The World Health Organization has announced in a press release that efforts to fight Malaria in Africa have been successful, although more funds are needed to reach the organization’s agenda, which seeks to eradicate malaria from the continent and the world.  WHO stated that both domestic and international funding are crucial to avoid malaria-related deaths.

WHO’s World Malaria Report 2016 shows that children and pregnant women in sub-Saharan Africa now have greater access to effective malaria control measures. Children are better diagnosed and preventive treatment for pregnant women have managed to save many lives compared to past years.

A woman holds a baby under a mosquito net in South Sudan. Image credit: Paula Bronstein/ Getty Images.

Malaria is an intermittent and remittent fever caused by a parasite that is transmitted by female mosquitoes in tropical and subtropical regions. Symptoms appear seven days or more after being bitten by an infected mosquito. Adults can experience fever, headache, chills, and vomiting. Symptoms are usually mild but can evolve and lead to death. Children with malaria can show anemia, respiratory distress or cerebral malaria.

The new report shows that in 2015 sub-Saharan Africa accounted for 90 percent of worldwide cases and 92 percent of malaria-related deaths. Children in the region represent 70 percent of all malaria deaths.

WHO efforts, along with domestic policies, have moderated malaria in pregnant women in the African region. They have received preventive treatment during pregnancy involving sulfadoxine-pyrimethamine. This measure can prevent maternal and infant deaths due to malaria. Coverage for pregnant women went from 6 percent in 2010 to 31 percent in 2015.

The most effective preventive measure has been insecticide-treated nets and has become a popular tool in several sub-Saharan African households. The report discovered that the treated nets were being used by 53 percent of the population. In 2010, the nets were used by 30 percent of the population took into consideration for the study.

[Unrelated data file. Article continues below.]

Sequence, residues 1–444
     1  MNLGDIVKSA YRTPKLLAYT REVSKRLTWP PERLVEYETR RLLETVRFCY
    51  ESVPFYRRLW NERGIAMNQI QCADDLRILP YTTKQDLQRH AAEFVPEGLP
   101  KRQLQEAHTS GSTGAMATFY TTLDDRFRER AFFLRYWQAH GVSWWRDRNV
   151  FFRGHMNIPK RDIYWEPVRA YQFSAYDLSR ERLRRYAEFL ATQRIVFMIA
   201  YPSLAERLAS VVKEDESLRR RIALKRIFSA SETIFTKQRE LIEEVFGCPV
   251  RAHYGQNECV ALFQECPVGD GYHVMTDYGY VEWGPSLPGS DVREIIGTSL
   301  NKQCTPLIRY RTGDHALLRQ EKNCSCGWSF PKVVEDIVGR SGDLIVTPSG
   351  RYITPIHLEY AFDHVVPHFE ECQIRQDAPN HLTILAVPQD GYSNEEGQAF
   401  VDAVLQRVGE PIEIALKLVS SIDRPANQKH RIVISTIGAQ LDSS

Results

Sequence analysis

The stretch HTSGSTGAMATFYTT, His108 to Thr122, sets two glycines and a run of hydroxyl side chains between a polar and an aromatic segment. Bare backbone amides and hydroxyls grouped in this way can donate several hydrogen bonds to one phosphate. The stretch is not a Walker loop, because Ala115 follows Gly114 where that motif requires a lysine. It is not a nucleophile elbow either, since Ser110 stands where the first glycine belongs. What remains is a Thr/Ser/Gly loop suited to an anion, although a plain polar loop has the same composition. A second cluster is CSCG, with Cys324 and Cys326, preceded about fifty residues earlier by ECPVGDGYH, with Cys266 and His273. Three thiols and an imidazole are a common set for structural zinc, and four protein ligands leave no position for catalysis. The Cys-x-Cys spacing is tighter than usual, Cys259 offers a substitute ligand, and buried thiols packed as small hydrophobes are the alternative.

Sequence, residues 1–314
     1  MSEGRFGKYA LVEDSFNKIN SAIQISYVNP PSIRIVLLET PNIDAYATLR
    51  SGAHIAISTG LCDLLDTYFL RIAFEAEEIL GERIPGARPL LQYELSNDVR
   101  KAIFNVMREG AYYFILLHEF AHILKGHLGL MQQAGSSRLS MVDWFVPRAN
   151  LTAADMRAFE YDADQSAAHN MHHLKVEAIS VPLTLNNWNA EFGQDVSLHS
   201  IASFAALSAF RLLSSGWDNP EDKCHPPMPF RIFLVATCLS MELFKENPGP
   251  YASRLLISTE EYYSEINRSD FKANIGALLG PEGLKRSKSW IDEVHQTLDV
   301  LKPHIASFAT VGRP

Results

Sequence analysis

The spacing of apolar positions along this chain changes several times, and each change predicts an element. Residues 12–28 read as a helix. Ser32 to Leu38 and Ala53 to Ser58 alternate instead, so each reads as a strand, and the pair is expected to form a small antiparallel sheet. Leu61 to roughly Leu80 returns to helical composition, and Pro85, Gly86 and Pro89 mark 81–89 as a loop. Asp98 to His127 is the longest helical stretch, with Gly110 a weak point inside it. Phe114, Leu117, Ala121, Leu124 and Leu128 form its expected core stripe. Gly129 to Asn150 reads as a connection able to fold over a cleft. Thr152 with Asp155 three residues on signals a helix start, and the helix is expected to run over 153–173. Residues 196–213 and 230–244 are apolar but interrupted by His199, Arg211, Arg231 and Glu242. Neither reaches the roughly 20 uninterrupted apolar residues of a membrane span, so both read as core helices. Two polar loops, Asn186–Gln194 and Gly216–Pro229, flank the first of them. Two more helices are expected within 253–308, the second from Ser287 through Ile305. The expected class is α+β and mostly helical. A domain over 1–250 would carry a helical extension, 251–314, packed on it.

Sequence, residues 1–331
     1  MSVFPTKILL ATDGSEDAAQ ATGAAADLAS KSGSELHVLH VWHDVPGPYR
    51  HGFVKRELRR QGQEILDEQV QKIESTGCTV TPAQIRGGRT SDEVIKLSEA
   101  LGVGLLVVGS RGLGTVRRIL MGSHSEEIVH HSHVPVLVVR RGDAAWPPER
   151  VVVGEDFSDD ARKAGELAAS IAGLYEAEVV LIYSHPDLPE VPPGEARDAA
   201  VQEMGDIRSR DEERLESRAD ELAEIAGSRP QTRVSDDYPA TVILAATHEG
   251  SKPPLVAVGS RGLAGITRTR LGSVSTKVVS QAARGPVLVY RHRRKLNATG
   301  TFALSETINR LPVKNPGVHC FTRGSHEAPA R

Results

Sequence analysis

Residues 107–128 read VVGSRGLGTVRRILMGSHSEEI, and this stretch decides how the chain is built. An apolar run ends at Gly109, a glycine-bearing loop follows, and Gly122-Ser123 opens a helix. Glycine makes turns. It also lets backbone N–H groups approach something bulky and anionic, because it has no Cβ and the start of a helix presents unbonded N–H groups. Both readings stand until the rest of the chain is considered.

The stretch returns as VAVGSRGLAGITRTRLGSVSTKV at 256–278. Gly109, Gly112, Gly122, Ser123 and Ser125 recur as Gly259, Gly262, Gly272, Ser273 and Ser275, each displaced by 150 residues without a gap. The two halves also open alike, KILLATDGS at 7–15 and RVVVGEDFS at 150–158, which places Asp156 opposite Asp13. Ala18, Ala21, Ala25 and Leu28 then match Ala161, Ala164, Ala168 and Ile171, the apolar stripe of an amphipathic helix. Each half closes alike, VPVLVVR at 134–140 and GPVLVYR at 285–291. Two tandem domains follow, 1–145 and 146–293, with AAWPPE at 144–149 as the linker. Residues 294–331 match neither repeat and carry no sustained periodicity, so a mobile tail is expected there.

More funds are needed to eliminate the disease in 20 African countries

The recent report tries to raise awareness about the importance of investment to eradicate the life-threatening condition and avoid all malaria-related deaths. Despite the incredible improvement in malaria prevention, several areas in the sub-Saharan region accounted for 43 percent of the population that was not protected by treated nets.

Not only Africa is unprotected. According to the report, there were 212 million new cases of malaria and 429,000 deaths due to the disease globally in 2015. Apart from Africa, South-East Asia, Latin America and the Middle East are vulnerable to malaria.

WHO’s funding milestone to fight malaria for 2020 is more than $6 billion, but the goal seems difficult to reach because funding has flatlined since 2010. In 2015 malaria funding almost reached $3 billion, but it proved not to be enough.

The organization stressed that domestic and international efforts are both needed to collect the necessary resources to prevent and cure the disease. The United States is the largest international malaria funder, providing 35 percent of total funding to fight the parasite, followed by the United Kingdom.

Source: World Health Organization